Author: Diana Diaconu, LMSW
July 24, 2021

Self-Compassion as a practice has been around for over 2,000 years with roots in Buddhist philosophy. One of the core beliefs of this Eastern tradition is that we must learn to love ourselves before we can truly extend love to others. This core concept was later incorporated into Western society by scholars, psychotherapists, and educators, each putting their own unique spin on it. You may have heard of unconditional positive regard, self-empathy, or self-acceptance- all of these concepts are centered around the benefits of appreciating ourselves.

How do we begin to make sense of such a longstanding belief? I like to start with Dr. Kristin Neff’s breakdown. She believes that self-compassion is made of three primary components: self-kindness, common humanity, and mindfulness. Before reading on, I’d like to challenge you to take a couple moments and reflect on what these components mean to you. How are you interpreting them and what thoughts are arising as you read them? It’s okay if this is the first time you’ve ever heard of any of them, just take inventory of what you are noticing.



            Life is often filled with challenges, curveballs, and wtf moments, this is where I believe self-kindness comes in. When we are kind to ourselves, we practice understanding, acceptance, and gentleness. When people struggle to live up to their extensive lists of expectations, it can be very easy to be judgmental, critical, and even cruel to themselves, or maybe the default is to ignore the disappointment or hurt and shove the pain down. The above survival mechanisms may take away from the intensity of the moment at hand, in some cases making it “easier” to deal with, but what I see is that both taking it out on ourselves and denying or avoiding create more hurt in the long run.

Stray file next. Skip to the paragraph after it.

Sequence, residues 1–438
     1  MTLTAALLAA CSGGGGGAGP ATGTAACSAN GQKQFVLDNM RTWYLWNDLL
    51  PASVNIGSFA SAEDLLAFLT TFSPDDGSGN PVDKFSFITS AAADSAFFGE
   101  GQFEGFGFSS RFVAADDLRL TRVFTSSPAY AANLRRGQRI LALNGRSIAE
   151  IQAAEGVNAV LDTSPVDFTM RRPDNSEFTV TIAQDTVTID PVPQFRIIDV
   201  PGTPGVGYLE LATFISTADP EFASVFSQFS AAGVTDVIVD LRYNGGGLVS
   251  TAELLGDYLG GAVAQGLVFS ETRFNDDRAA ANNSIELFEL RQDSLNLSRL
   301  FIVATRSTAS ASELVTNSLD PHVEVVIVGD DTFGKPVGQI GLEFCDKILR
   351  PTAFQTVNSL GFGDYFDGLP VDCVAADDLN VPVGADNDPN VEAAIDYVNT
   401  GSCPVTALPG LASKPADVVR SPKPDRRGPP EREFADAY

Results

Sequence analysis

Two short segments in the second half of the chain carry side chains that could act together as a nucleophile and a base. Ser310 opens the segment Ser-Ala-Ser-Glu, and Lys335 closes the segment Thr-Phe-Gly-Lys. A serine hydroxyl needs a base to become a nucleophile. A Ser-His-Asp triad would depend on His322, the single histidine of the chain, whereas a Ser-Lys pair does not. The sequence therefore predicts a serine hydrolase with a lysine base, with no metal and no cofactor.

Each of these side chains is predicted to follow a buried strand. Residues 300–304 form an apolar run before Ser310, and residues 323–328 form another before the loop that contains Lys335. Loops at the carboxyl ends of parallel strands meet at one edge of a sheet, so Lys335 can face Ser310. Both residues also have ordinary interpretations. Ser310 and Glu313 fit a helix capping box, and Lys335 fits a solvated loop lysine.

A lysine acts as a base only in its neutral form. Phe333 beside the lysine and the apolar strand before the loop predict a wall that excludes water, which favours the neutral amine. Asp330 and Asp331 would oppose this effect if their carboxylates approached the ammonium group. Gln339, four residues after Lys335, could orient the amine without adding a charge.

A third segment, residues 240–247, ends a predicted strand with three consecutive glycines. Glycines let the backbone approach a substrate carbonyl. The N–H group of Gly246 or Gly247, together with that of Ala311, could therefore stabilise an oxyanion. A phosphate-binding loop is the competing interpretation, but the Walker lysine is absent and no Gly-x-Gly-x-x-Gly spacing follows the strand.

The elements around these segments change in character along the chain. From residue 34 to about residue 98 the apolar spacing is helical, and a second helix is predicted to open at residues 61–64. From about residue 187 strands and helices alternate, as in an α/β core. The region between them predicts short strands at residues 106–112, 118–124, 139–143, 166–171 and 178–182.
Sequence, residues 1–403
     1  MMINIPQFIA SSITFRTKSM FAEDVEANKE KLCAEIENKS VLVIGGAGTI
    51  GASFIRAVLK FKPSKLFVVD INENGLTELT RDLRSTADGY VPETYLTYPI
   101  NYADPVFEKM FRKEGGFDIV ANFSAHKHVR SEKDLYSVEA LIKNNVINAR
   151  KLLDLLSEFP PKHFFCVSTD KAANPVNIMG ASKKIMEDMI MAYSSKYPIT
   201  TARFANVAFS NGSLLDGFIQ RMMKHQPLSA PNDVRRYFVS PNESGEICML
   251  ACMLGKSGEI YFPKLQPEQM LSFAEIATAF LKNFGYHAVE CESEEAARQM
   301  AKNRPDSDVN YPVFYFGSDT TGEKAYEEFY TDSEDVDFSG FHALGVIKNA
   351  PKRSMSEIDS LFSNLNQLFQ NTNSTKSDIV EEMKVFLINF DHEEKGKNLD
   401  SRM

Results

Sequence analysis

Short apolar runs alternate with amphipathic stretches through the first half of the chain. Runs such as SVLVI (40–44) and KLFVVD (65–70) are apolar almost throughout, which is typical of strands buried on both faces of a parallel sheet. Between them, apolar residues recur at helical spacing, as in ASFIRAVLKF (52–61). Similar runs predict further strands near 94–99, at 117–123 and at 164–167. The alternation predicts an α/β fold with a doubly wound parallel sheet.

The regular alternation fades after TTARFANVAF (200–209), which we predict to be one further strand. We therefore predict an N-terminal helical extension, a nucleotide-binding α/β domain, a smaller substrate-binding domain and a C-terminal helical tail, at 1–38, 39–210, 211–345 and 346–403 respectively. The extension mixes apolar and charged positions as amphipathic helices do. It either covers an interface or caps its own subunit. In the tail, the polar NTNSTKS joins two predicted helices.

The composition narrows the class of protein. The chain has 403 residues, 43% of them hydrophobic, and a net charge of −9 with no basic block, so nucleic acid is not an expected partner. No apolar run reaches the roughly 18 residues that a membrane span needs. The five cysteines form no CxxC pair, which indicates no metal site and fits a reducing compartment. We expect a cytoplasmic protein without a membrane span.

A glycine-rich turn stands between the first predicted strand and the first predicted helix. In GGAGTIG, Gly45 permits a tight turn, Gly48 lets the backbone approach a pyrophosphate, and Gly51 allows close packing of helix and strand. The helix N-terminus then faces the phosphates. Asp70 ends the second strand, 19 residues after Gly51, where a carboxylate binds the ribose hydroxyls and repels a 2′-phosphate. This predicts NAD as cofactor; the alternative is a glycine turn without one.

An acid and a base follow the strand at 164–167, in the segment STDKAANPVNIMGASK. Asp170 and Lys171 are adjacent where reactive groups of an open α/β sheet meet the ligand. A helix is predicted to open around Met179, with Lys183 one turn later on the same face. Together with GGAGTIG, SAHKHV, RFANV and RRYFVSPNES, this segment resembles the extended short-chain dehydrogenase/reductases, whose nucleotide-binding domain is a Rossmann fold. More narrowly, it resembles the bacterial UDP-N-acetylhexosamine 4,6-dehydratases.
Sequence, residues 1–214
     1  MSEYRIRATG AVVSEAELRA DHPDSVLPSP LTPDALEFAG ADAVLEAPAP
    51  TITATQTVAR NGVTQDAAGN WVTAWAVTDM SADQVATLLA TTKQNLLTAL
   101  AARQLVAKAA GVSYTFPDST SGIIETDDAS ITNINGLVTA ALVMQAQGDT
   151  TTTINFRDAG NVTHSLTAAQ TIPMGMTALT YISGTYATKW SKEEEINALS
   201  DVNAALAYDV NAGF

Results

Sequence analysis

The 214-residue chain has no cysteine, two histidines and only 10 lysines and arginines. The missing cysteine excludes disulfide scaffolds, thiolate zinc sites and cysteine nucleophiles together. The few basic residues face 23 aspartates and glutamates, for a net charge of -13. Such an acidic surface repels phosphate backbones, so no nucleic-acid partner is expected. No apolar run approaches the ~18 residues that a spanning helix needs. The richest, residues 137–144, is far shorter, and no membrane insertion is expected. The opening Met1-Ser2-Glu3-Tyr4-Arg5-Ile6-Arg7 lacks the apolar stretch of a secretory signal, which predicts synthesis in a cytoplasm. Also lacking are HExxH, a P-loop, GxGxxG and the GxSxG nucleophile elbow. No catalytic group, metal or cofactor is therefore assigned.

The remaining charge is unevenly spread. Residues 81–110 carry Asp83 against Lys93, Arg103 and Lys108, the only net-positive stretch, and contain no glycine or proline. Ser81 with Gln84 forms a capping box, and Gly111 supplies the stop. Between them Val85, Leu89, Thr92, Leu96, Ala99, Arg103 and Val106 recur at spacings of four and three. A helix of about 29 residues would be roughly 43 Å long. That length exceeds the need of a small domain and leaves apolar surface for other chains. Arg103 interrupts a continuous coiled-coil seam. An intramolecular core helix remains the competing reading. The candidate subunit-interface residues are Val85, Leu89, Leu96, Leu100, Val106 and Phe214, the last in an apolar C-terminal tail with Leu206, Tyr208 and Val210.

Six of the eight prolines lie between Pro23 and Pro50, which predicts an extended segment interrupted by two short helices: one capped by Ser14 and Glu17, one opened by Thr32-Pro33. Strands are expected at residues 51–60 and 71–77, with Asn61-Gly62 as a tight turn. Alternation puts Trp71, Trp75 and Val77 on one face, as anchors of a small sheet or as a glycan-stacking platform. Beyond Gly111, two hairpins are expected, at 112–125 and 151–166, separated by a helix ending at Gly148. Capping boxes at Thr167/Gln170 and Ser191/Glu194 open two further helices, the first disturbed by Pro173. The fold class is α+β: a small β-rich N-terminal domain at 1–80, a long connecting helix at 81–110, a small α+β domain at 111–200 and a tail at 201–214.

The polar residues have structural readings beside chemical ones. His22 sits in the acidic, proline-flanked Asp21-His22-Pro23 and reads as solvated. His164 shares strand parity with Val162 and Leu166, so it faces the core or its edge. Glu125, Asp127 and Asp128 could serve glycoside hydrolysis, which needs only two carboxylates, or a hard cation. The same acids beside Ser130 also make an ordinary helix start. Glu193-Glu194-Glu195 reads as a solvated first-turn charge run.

Common Humanity:

When people are struggling, it can lead to them becoming engulfed by their internal world. Beliefs such as: “why is this happening to me,” “what did I do to deserve this?,” and “everyone around me is doing so much better” may begin to circulate their thoughts. All of these beliefs have a common root, which is insidious isolation. They all focus on the internal experience and the ego’s belief that only they are suffering. This is where common humanity comes in, which is centered in the idea that all humans struggle. The human experience is unpredictable and it is helpful to reflect upon the commonalities between all humans as we navigate disappointment, hurt, and existence together.


Mindfulness begins with intentional awareness. Gaining awareness of sensations within the body, thoughts circulating the mind, and emotions that are present in a given moment or moment by moment. The next piece to mindfulness is how the awareness is approached. It is important to maintain curiosity rather than judgement, acknowledgment rather than denial, and openness rather than reactivity. When people practice curiosity, acknowledgment, and openness they are more able to strengthen the connection with themselves. When judgment, denial, and/or reactivity take over, it can often lead to maintenance of harmful narratives about oneself. It is worth mentioning that mindfulness is not synonymous with meditation, rather meditation can be a form to practice mindfulness, but it is not the only form.

I’d like to challenge you to reflect on self-compassion before going about your day: Are you curious to learn more? Is it something that you feel drawn to? Could it be incorporated into your daily life? What patterns would have to shift to make way for self-compassion?